Question to Ask the Workplace Doctors about a bonus: Can she learn from this dashed hope of a bonus?

My girlfriend gets a yearly bonus based on sick days. Her practice manager informed her a few weeks ago that she could not take any more than 5 days. To date she has took 3.5. One of the owners said to her that’s you now lost your bonus. She replied that she had only taken 3.5 days and he says you only get 3 as you are part time. The practice manager said don’t worry I will speak to him and sort it out.

A couple of days later the same owner said what he said stands, and the practice manager said that she just said it might of been 5 and completely changed her story, but my girlfriend has witnesses in work that she was told 5. Previously the same owner has changed other employee’s sick days to holidays so they could meet their target and get their bonus, and my girlfriend has offered to go in half a day and make it up, as this was a manager’s mistake and she was misinformed. Any advice on this would be much appreciated. Many thanks 🙂

Signed, Short of a Bonus

Dear Short of a Bonus:

Your girlfriend should be pleased with how carefully you’ve described what transpired–being told one thing by her practice manager and not sticking with it when the owner told your girlfriend would get no bonus. Can that be changed? I doubt it. Would it make a difference if your girlfriend enlisted witnesses to say the practice manager definitely promised your girlfriend would get a bonus if she was absent more than five days? Possibly, but those witnesses might not want to say something that would prove the practice manager lied. Moreover, they probably wouldn’t want to get between the practice manager and the owner. And even if they did, I doubt the owner would change his mind.

From here it is impossible to know the full context of what has happened; however, the owner might rescind his “no bonus” declaration if he saw how hard your girlfriend tried to do extra work to get the bonus. The problem for the owner is likely he will provoke ill will of the full-time employees if he gives part time what he said he would not. So your girlfriend has two choices:

To accept the fact that she is part time and that she took more than 3 days sick leave. If so, she should do so without sour feelings and gossip about her manager’s backing off of the 5 days limit. To write up her account of what transpired regarding what she understood the practice manager stated, and to promise to make up the half day more than 3 days she was off. If she likes and/or needs her job and hopes to work there full-time, your girlfriend might decide her best choice is to accept what the owner said and to guard against badmouthing the practice manager.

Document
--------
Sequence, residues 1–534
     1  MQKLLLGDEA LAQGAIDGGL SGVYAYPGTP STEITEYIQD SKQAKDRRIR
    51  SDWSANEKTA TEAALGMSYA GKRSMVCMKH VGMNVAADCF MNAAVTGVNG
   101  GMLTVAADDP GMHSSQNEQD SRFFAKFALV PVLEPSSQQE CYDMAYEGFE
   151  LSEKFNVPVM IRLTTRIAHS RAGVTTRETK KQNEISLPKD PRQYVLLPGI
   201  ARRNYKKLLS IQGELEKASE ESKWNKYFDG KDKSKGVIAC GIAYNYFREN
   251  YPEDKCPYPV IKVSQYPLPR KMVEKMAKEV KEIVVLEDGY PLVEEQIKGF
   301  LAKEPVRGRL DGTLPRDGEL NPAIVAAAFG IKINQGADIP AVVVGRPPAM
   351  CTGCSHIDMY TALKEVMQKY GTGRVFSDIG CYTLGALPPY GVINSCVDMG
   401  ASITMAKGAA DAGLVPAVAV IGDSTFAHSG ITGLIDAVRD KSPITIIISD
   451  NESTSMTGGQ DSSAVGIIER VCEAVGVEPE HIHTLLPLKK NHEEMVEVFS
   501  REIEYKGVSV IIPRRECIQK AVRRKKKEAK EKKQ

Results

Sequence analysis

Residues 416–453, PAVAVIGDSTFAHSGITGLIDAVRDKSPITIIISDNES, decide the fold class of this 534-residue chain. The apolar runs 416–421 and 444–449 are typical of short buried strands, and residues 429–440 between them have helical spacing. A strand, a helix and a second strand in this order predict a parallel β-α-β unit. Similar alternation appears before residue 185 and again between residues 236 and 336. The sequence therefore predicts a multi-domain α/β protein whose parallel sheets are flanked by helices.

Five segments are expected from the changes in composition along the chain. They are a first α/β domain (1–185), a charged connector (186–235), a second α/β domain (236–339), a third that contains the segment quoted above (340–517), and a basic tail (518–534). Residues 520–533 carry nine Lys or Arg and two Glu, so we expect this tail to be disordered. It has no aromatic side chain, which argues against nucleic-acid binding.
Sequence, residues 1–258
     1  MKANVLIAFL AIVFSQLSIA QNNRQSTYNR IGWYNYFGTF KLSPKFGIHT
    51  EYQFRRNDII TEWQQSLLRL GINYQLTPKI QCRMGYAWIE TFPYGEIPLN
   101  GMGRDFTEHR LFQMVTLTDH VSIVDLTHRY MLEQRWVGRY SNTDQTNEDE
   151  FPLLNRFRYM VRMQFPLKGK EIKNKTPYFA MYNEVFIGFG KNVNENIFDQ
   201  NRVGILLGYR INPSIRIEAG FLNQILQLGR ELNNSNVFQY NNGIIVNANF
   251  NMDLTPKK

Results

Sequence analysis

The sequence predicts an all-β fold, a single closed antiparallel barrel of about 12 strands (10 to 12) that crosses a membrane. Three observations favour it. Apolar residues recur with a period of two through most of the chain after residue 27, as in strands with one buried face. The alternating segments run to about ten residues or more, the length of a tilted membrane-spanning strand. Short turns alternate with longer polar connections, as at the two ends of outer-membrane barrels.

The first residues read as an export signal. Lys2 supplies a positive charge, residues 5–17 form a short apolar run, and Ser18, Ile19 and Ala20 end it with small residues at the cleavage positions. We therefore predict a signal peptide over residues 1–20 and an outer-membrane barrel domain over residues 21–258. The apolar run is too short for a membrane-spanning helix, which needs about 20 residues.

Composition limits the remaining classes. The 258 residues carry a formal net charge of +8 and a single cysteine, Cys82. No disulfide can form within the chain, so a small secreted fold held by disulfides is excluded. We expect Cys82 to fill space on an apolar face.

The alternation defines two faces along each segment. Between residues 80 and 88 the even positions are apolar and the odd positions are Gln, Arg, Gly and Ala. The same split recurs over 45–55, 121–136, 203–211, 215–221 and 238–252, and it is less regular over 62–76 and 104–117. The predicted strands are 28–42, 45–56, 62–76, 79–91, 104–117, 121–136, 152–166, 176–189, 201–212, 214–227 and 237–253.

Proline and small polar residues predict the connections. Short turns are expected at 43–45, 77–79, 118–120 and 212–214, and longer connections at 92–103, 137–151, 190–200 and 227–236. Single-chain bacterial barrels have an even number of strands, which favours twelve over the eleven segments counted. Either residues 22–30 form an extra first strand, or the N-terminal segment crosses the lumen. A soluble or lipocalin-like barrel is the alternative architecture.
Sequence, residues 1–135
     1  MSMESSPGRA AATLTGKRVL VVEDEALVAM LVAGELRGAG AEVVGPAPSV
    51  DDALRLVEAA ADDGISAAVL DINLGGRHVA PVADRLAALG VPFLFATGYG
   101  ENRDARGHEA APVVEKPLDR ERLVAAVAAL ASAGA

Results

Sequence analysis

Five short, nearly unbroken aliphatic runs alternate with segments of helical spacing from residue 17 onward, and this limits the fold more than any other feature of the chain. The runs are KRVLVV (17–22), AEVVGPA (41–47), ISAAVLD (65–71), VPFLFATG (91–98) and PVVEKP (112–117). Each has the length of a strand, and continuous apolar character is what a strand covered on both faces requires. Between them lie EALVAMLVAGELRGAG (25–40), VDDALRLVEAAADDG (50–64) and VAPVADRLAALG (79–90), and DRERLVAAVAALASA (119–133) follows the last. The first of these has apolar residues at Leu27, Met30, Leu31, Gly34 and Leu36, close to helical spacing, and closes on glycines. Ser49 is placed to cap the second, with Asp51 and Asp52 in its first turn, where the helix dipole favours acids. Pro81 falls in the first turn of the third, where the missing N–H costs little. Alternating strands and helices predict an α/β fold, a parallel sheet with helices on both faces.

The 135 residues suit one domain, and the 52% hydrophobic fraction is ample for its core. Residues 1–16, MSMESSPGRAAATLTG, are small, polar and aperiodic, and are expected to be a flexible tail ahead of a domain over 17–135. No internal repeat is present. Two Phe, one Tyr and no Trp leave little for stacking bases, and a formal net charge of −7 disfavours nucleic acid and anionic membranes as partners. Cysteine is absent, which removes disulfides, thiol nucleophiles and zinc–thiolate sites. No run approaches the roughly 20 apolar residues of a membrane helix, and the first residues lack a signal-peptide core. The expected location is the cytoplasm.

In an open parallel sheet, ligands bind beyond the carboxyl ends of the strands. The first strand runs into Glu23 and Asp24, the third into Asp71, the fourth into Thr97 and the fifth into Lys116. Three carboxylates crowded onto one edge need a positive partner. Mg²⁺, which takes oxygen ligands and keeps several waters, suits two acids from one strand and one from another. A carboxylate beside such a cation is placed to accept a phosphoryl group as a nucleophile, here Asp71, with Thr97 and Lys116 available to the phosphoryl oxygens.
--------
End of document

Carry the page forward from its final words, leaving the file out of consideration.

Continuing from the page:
Obviously, your girlfriend has bent your ear and no doubt you have heard more than enough of her unhappiness about this.The issue before your girlfriend and now you because you have consulted us is: can she learn from this dashed hope of a bonus? Such as, will she get the rules in writing next time? Will she do all that is reasonable to take off less than the days permitted next time? Will she think through if this job is just a job or if it will provide experience that will make her smarter on a career path?

To reflect on this together should help you two know how she and you handle disappointment. You will learn if she can let the past be past or rather if she will become obsessed over things that don’t go as she wanted. And learning that could be more valuable in the long run than to win an argument about a bonus.

Finally, you both might already know that wherever you and she work, things will go better if you can be enthusiastic about what you do, and if rather than seeing the boss as an enemy, you will do all that is reasonable to make your manager’s work easier and effective. That kind of spirit and payoff is encapsulated in my signature sentence: Working together with hands, head, and heart takes and makes big WEGOS. I hope these thoughts make sense and that you will let us know what options she elects and what happens after a few weeks.

William Gorden